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There are people who have given up on Jersey Shore, and I can understand why. The show isn’t really fun anymore. The cast can barely stand each other. J-Woww — who once upon a time was the house’s wounded heart and bruised moral soul — has become a non-entity, too mature to be really interesting in the show’s drunk-preschool environment. Snooki swans through Seaside Heights acting as if every half-hearted catchphrase she farts out is an instant double-platinum hit. She’s like a one-hit wonder stumbling around the Meatpacking District one year after her hit single dropped off the charts, assuring her Twitter followers that she’s in serious talks to collaborate with Kanye. Or she’s like Norma Desmond at the end of Sunset Boulevard, vamping for the cameras, not realizing that her adoring fans are actually policemen with diamond-studded handcuffs.
Ronnie and Sammi have settled into the sort of wedded bliss that you usually only find in emotionally abusive couples who turn 60 and decide they may as well stick together until the sweet embrace of Death finally provides some warm respite from the bleak, bitter winter of waking life. Deena entered the house as a parody of Snooki and has now become a parody of herself parodying Snooki; if Snooki is The Matrix, then Deena is Underworld: Awakening. And Vinny has staged a full retreat. He was always the smart one, so perhaps he sensed that a vomit-palace filled with vagrant inebriate masochists was not the best place to experience a nervous breakdown.
And yet, I think that the viewers who are checking out of Jersey Shore are missing one of the most fascinatingly depressing seasons in reality TV history. Now, to a certain extent, all reality TV is depressing, since reality TV stars debase themselves for our amusement, and if they’re lucky, they’ll fade away before they become famous. But this season of Jersey Shore — the final season, I think, or at least that’s how I’m choosing to treat it — is literally becoming a show about depression. It’s a show about people who have achieved everything they could have ever hoped for — people who can walk into any room and become the center of attention, people who get paid to act like late-period Roman aristocrats, people who are at their best when they are allowed to be at their absolute worst — and, by and large, they are discovering that achieving their dreams have left them empty and alone.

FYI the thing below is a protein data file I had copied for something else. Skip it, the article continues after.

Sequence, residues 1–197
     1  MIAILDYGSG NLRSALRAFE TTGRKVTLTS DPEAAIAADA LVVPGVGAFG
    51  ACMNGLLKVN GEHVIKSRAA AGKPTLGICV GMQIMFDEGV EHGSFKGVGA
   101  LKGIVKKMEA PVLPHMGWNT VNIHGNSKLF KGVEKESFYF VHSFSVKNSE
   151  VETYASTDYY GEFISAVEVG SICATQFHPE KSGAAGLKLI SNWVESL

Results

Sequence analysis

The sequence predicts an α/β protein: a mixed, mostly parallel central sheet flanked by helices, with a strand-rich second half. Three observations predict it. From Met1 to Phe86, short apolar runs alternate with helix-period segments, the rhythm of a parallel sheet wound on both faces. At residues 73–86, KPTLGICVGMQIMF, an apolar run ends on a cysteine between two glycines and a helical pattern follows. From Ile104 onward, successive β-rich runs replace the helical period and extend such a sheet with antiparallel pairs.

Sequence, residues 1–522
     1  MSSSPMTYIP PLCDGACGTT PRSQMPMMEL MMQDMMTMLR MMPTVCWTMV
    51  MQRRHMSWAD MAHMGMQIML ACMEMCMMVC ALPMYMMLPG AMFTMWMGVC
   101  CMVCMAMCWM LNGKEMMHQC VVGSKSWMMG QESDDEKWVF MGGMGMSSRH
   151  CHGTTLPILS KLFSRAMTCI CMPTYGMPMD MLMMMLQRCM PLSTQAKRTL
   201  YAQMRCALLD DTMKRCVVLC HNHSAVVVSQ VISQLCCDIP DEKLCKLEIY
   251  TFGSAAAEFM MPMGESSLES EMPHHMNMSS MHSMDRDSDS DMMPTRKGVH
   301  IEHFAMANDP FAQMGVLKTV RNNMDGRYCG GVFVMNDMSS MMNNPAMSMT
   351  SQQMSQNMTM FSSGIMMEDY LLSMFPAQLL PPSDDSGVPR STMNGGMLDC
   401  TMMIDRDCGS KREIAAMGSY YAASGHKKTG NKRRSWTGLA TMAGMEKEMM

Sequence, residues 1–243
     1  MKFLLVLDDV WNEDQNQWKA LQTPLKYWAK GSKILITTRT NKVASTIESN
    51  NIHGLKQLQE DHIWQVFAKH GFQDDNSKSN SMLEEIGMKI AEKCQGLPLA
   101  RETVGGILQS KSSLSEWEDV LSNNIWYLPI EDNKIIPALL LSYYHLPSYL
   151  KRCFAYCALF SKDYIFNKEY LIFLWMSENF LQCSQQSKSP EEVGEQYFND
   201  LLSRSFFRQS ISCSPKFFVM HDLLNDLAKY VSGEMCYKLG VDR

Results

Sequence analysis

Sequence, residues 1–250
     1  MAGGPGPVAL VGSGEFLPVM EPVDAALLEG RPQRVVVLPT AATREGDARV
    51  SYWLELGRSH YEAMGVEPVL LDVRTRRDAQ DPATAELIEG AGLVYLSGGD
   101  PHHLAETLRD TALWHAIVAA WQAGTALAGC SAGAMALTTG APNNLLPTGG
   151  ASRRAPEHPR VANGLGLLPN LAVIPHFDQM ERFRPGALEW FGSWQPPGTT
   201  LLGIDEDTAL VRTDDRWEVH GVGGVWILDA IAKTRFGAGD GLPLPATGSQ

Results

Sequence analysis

In that sense, the only two truly interesting characters left on the show are Pauly D and The Situation. You could argue that Pauly D is the hero of Jersey Shore: The ever-smiling imp whose half-hearted catchphrases actually are all double-platinum hits. Which would make The Situation the clear villain: He’s the man who stages robberies on humble Vin-Vin, who torments Snooki, who stalks around town with a man named The Unit. (The Unit clearly being the Muttley to Sitch’s Dick Dastardly.) And yet, you could just as easily pull a Wicked and argue that The Situation is the show’s hero. He’s an essentially flawed 45-year-old man whose greatest crime is being a devoted follower of his own belief system, whereas Pauly D is a synthetic creature designed for perfection who views the rest of the world like tiny, hilarious dots. Can’t you see Uncle Sitch onstage, a spotlight capturing his sunbleached forehead, singing aloud to all those who don’t believe in him:
It’s time to tryyyyyYYYY!
I think I’ll tryyyYYYYY!
And you can’t pull me down!
But of course, these theories are all just silly. At this point, it should be extremely clear that The Situation is George Lucas and Pauly D is Steven Spielberg.
NEXT: An explanation